Read part 1 here
Read part 2 here
Read part 3 here
Read part 4 here
Read part 5 here
Read part 6 here
Now we proceed to the “missing verses” from the Gospel According to Luke.
•Try and find these scriptures in NIV and ESV on your computer, phone or device right now if you are in doubt:
Matthew 17:21, 18:11, 23:14;
Mark 7:16, 9:44, 9:46;
Luke 17:36, 23:17;
John 5:4; Acts 8:37.
The King James Version here has this:
36 Two men shall be in the field; the one shall be taken, and the other left.
The NIV and ESV don’t include this verse, but have a footnote pointing out that some manuscripts include words similar to Matthew 24:40 at this point in the text.
This is a case very similar to that of Matthew 17:21, which we discussed in part 5 of this series. A scribe copying Luke and knowing the parallel passage in Matthew likely thought that the copy of Luke he was working from had a sentence missing, so he inserted the sentence he knew from Matthew (albeit in a different order—in Matthew’s version, Jesus talks about the two men in the field before he talks about two women grinding grain at a hand mill; in Luke, the women are mentioned in verse 35, and the sentence with the men is inserted after that in the KJV).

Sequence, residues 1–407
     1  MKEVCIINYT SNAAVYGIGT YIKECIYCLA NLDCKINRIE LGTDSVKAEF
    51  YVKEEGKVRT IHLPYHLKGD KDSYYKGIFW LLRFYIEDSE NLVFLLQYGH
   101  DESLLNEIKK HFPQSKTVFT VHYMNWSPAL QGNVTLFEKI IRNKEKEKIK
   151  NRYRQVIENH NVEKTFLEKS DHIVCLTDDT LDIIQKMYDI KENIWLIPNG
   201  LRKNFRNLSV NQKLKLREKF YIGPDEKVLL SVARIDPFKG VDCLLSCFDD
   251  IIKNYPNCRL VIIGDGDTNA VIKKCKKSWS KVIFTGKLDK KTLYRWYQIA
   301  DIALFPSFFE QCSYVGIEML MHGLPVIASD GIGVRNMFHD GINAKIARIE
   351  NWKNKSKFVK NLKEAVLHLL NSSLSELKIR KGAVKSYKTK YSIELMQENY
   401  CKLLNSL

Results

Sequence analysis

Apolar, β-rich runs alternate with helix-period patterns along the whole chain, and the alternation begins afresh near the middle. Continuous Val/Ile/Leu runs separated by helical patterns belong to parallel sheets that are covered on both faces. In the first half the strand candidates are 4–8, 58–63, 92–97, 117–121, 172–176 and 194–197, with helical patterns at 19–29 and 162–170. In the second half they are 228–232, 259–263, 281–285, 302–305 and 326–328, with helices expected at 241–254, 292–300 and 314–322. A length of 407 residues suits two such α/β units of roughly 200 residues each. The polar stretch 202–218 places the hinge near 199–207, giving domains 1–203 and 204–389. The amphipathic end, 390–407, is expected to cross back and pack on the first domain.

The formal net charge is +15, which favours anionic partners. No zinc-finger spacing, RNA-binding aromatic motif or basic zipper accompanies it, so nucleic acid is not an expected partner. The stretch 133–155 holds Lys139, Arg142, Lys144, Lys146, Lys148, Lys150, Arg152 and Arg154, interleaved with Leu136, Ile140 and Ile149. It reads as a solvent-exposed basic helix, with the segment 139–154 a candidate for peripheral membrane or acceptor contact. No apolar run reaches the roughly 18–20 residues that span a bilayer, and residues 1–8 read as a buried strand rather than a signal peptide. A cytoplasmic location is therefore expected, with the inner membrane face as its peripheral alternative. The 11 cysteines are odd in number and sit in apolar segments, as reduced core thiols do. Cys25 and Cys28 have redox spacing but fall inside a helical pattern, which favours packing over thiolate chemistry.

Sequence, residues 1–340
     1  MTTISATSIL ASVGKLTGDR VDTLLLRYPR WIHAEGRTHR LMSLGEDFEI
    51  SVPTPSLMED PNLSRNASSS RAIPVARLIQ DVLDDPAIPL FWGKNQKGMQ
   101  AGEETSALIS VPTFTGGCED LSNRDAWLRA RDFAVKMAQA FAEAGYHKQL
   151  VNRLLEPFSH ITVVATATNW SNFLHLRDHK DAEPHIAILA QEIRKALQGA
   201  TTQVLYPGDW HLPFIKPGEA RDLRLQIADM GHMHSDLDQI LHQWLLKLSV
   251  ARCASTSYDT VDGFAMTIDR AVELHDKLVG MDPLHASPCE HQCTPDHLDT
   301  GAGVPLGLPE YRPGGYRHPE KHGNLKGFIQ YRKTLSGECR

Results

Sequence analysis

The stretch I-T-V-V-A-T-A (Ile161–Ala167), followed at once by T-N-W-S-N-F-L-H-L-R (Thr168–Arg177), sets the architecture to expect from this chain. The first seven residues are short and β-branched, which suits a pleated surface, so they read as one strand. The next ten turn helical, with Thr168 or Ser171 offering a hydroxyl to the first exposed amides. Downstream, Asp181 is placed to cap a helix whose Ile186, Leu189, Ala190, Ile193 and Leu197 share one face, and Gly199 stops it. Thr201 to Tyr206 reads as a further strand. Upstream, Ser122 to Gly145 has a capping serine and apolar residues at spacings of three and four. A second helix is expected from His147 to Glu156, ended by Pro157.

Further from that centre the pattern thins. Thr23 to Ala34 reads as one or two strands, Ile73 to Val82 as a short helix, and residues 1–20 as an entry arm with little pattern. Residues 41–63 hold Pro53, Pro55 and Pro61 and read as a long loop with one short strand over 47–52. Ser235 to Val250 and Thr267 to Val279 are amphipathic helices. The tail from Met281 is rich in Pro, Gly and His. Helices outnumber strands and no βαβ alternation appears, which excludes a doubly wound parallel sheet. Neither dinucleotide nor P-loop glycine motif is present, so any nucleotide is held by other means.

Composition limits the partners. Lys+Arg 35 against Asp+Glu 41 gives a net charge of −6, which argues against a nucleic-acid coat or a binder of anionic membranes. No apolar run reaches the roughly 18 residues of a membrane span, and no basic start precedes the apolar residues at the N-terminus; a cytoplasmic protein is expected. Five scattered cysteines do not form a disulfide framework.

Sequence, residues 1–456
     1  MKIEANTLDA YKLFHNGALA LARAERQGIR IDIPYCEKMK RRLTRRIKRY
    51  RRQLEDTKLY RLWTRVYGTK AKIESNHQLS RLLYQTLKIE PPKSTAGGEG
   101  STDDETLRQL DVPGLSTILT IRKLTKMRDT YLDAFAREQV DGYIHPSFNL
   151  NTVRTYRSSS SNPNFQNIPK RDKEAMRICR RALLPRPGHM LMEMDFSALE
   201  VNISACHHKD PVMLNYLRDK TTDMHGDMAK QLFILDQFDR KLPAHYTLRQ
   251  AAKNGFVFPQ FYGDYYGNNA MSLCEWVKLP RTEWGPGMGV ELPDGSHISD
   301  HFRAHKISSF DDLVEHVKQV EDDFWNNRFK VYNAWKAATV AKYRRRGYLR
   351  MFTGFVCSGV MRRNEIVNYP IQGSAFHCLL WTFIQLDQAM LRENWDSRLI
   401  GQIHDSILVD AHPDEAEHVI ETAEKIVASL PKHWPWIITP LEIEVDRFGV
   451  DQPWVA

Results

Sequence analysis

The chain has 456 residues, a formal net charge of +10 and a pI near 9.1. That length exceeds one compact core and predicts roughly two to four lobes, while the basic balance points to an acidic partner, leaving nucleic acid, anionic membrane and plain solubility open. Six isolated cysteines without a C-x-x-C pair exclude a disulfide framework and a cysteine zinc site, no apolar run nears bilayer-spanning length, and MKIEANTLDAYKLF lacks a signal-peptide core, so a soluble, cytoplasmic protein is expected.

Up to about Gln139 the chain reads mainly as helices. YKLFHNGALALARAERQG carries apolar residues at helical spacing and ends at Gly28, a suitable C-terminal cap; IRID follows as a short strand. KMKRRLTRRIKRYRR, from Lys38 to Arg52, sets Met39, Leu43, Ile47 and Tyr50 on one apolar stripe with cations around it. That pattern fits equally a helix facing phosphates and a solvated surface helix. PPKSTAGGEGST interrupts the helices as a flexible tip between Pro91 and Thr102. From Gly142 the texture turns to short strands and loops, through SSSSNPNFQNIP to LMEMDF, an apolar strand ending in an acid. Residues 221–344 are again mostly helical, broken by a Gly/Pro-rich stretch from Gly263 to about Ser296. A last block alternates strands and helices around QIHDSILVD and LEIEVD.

So the verse is still in the Bible—just not in Luke, because it probably wasn’t in Luke’s original autograph.
In the account of Jesus’ trial before Pontius Pilate, here the KJV reads:
17 (For of necessity he must release one unto them at the feast.)
The NIV and ESV at this point have footnotes stating that some manuscripts here have wording similar to Matt. 27:15 and Mark 15:6.
Let’s look at these other verses in all three translations. First, Matt. 27:15:
KJV: 15 Now at that feast the governor was wont to release unto the people a prisoner, whom they would.
NIV: 15 Now it was the governor’s custom at the festival to release a prisoner chosen by the crowd.
ESV: 15 Now at the feast the governor was accustomed to release for the crowd any one prisoner whom they wanted.
And Mark 15:6:
KJV: 6 Now at that feast he released unto them one prisoner, whomsoever they desired.
NIV: 6 Now it was the custom at the festival to release a prisoner whom the people requested.
ESV: 6 Now at the feast he used to release for them one prisoner for whom they asked.
We could call this, “Same song, second verse” (pun intended). It’s the same likely situation of a scribe trying to harmonize the manuscripts as he was copying them. This is the case of several of the verses that have allegedly been “removed” from the modern translations.
If there were actually some conspiracy to try to alter the truth of the Bible, the “conspirators” were pretty incompetent, because they left other verses in the Bible that state the same truths.
 Thanks to my friend Dr. Carmen Imes for this observation when she wrote responding to this same meme in 2015 on her blog at https://carmenjoyimes.blogspot.com/search?q=textual+criticism. I discovered her articles on this topic after my first four posts were already up and I had two more written and scheduled.